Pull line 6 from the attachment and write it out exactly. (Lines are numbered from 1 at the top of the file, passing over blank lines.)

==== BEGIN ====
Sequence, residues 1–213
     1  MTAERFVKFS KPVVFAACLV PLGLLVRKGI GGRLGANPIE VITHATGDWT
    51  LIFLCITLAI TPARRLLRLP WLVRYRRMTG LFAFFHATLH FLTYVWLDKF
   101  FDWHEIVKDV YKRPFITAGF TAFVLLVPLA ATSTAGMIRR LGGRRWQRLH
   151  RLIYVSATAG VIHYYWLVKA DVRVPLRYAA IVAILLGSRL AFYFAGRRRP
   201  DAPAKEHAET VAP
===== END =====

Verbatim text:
   201  DAPAKEHAET VAP